Germany’s LNG import terminal build up

(Reuters) - The EU Commission has approved a $43.9-MM support measure for the land-based liquefied natural gas (LNG) terminal at Germany's Brunsbuettel on the North Sea, citing its contribution to the security and diversification of supply.

Germany's quest to build up LNG import capacity has intensified as it seeks to end reliance on Russian pipeline gas after Russia invaded Ukraine last year.

Pending the provision of fixed terminals, it is using floating storage and reception units (FSRUs) to help replace piped Russian gas supply.

Three FSRUs are working at Wilhelmshaven, Brunsbuettel and Lubmin after Germany arranged their charter and onshore connections in record time. Wilhelmshaven, Mukran and Stade are due to add more ships for the 2023/24 winter.

Industry and the government are also building up terminal capacity in anticipation of increased use of hydrogen, which when produced using renewable energy can help the transition to a lower carbon economy.


Deutsche ReGas has sub-chartered a second FSRU from Transgas Power, with regasification capacity of 7.5 billion cubic meters (bcm), in a fresh step towards building up a new terminal at Mukran in the Baltic Sea.

LNG from Mukran is meant to flow to onshore grids via the nearby port of Lubmin from next winter. The project has triggered some local opposition.


Utility Uniper launched Germany's first FSRU operations last December at the deep-water port on the North Sea.

It plans to add a land-based ammonia reception terminal and cracker in the second half of this decade. Ammonia is sometimes used as a carrier for hydrogen, whose low density otherwise makes its transportation over long distances complicated.

Tree Energy Solutions (TES) will operate a second FSRU from later in 2023 for five years, and plans to eventually convert the operations to clean gases.


The FSRU Neptune, chartered by Deutsche ReGas, began receiving LNG at Lubmin early this year. The gas is delivered to another storage vessel, the Seapeak Hispania, and shuttled to Lubmin in a set-up taking account of shallow water.

ReGas holds long-term supply deals with France's TotalEnergies and trading group MET.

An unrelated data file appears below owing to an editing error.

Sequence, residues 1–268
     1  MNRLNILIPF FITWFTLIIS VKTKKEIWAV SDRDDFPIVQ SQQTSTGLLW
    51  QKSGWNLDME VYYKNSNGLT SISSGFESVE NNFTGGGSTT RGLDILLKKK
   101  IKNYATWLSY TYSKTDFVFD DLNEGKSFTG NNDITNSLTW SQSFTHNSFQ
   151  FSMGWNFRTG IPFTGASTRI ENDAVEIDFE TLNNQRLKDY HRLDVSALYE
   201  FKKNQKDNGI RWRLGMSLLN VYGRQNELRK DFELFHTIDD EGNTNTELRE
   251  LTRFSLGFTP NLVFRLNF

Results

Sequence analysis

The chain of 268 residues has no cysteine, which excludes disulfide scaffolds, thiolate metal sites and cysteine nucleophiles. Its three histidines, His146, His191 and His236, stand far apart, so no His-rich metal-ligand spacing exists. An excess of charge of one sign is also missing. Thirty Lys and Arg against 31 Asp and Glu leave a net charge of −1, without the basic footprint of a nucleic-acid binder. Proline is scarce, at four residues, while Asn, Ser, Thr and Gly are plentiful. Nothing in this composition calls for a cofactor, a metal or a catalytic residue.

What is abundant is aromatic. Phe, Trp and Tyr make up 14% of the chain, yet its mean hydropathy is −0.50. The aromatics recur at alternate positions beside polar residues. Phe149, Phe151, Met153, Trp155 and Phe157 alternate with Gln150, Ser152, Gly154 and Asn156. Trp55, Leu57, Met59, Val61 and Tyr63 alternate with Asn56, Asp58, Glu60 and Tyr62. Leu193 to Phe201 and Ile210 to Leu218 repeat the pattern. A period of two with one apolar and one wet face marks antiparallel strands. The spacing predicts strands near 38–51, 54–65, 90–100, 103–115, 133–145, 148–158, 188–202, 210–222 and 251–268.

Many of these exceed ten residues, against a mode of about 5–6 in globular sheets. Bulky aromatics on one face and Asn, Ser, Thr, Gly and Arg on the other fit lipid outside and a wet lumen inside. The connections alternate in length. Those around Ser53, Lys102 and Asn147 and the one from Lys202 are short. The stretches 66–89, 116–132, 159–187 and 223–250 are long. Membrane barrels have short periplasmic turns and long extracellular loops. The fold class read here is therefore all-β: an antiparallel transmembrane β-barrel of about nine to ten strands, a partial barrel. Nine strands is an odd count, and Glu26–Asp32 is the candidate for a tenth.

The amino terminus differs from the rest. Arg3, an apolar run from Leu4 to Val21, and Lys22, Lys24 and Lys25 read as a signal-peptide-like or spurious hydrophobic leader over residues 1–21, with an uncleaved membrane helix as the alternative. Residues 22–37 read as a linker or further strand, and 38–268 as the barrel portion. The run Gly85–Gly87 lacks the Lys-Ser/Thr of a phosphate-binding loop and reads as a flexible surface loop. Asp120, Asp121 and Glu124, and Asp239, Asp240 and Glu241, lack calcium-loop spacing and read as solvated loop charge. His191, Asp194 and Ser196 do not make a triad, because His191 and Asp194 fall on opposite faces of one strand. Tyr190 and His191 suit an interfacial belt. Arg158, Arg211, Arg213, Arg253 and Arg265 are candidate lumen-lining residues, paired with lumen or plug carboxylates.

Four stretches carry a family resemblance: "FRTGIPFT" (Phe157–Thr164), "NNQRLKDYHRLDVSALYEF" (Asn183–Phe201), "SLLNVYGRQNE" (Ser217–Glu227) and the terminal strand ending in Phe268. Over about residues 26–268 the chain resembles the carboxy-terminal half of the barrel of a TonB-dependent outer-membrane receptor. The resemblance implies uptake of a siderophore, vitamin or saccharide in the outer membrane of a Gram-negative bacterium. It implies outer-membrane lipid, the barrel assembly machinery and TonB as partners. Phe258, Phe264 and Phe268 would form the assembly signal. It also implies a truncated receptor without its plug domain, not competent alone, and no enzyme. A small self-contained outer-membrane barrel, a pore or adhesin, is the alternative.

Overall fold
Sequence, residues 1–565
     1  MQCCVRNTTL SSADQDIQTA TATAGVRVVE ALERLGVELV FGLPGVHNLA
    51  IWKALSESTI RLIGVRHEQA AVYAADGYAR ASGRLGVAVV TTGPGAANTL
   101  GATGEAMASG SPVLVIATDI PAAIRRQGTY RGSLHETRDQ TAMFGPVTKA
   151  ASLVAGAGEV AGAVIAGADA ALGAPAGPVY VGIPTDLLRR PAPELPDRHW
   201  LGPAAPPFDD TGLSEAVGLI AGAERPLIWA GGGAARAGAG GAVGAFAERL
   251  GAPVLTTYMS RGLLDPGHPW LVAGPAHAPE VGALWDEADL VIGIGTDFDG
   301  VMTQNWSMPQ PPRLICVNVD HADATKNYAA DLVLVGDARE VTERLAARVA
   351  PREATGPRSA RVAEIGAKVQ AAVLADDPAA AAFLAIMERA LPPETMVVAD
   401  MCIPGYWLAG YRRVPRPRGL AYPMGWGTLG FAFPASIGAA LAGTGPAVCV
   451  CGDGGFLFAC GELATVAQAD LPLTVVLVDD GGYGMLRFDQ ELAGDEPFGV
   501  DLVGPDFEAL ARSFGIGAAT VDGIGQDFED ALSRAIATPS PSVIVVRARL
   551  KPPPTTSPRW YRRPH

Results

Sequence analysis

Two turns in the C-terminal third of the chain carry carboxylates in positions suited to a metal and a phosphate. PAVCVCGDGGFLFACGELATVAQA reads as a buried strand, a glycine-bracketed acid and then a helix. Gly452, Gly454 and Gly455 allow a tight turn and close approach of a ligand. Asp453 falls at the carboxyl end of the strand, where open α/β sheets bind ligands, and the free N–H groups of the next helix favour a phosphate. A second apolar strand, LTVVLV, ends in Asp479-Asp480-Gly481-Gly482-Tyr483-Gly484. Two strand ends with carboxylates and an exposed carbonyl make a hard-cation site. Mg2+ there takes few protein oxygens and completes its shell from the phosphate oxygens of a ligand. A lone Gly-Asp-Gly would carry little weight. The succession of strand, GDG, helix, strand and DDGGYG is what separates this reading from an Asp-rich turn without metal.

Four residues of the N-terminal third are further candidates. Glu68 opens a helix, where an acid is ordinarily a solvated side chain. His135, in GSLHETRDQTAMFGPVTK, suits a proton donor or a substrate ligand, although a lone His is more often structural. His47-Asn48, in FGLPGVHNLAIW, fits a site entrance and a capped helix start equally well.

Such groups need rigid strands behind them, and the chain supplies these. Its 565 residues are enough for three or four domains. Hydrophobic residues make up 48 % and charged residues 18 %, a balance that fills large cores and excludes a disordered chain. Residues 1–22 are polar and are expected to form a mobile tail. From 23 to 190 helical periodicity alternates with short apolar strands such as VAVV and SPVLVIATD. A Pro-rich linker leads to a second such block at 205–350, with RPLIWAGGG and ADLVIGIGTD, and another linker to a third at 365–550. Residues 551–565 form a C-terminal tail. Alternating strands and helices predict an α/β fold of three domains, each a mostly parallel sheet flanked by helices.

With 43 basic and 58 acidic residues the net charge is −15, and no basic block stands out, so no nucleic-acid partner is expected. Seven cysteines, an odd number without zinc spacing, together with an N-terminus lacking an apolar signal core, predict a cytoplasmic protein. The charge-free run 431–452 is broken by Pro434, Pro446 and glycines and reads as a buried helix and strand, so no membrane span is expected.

The government wants the Neptune to move to Mukran, allowing the Seapeak Hispania to depart, and joining a second FSRU there, the Transgas Power. ReGas is tendering for LNG supplies to Mukran.

However, gas grid company Gascade needs to link Mukran via Lubmin to the mainland gas grids, making it hard to narrow down the likely start date of the project more closely than to the three months from December to February next year.


The Brunsbuettel FSRU, operated by RWE's trading arm on the North Sea coast, became operational in mid-April.

It is the forerunner of a land-based LNG facility, now in receipt of a parcel of approved state support, that could start operations at the end of 2026, when an adjacent ammonia terminal could also start up. State bank KfW, Gasunie and RWE are stakeholders and Shell has committed itself to sizeable purchases.

The total costs for the land-based terminal are 1.3 billion euros.


The inland port on the river Elbe in January started work on a landing pier for an FSRU, to be ready in the winter of 2023/24. Designated vessel Transgas Force is now moored at Bremerhaven port to be fixed up for the purpose.

Project firm Hanseatic Energy Hub (HEH) also plans a land-based terminal where it has allocated regasification capacity that could be operational in 2027, including volumes for state-controlled Sefe and utility EnBW.

It has begun sounding out the market to determine whether the longer-term plans should be based largely on ammonia to be reconverted into clean hydrogen. It has identified a construction consortium.

HEH is backed by gas network company Fluxys, investment firm Partners Group, logistics group Buss and chemicals company Dow.

EnBW, which is also a buyer at Wilhelmshaven and Brunsbuettel, said it would double annual purchases to 6 bcm

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